|Old entries. What is this? Links. Mail.|
I often yearn to capture my experiences as a listener of music in writing. And not just the sometimes-flat prose of the essayist or aesthetician: poetry. I believe that the best moments I experience as a listener are somehow similar to those I experience as a reader, so it's a matter of appropriateness: poetry to describe poetry, really.
Understandably, I find it hard to do this. I'm not a poet and at the moment I have no great desire to be (I don't mind beind poetic, though, in my prose, when I can).
Imagine my delight, then, to find that William Carlos Williams did, kind of, just this. By chance I opened volume II of his collected poems to a page just a bit after 'Pictures from Breughel' (which also fits in here, so perhaps more on it later), to find, in poetic form:
I think there are more, too.
I say that Williams did what I want to do, but I'm not sure. Perhaps subtly so. On the surface he appears to have simply made critical comments, the kind usually made in prose, with poetry instead. But Williams consorted briefly with the imagists, and favored similar techniques. He was interested in presenting images ("no ideas but in things") which would allow the effect (emotional? intellectual?) associated with the image (as a "complex") to simply take effect in the reader. Or, at least, the imagists were interested. Williams moved away from them a bit (he had to, to support the larger and more complex ideas, with more complex structure), but I think this fairly describes something of his approach as well. The way he makes these critical observations, then, might carry something of his own reaction to the play or painting.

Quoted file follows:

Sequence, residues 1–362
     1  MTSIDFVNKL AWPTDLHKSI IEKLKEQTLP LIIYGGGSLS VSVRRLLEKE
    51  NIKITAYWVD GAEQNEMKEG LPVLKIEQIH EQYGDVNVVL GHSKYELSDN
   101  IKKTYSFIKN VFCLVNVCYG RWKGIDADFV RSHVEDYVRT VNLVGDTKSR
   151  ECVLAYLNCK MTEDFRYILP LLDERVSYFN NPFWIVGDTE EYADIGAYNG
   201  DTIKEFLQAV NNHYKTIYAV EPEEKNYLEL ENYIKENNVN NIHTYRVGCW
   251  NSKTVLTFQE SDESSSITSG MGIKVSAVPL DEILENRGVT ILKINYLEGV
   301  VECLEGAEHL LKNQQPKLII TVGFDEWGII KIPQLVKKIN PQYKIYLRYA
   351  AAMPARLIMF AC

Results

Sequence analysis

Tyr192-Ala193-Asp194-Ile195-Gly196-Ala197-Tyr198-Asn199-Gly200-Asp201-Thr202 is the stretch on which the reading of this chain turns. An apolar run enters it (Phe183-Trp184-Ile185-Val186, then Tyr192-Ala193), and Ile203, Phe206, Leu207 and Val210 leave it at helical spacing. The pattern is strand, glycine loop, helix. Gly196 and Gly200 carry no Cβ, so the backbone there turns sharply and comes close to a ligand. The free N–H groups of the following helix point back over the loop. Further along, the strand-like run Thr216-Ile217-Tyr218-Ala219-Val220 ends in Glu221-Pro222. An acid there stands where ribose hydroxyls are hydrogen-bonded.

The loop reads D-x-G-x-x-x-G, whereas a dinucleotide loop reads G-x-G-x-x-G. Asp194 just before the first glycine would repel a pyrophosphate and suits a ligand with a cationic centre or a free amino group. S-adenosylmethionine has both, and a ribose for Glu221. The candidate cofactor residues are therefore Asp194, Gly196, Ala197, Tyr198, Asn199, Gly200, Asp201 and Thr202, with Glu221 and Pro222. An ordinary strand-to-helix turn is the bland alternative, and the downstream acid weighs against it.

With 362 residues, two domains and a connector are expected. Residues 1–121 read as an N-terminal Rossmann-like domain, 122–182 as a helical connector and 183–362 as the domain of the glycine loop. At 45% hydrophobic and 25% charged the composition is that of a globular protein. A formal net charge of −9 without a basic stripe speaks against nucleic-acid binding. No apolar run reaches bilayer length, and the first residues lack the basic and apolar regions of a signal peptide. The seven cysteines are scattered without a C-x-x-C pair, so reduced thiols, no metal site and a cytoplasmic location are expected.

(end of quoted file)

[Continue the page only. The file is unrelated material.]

See also this intriguing agglomeration of things about the visual arts, Williams, and Frank O'Hara.
With that said, I currently have no other comment on these, except to show them, and some other nice poems of Williams', to you.
on seeing my own play
versations with my
in the play but who will
the serious aspects of
dint of learning the lines
his face aglow openmouthed
- as in Gauguin's The Loss of Virginity -
the nude body, unattended save by a watchful
there she lies on her back in an open field,
very unrelatedness it enhances the impact
as for him who
you did not
Maybe it's his wife
to a petty police officer
was far from official
THIS IS JUST TO SAY
I have eaten
And to think, I was considering doing this myself.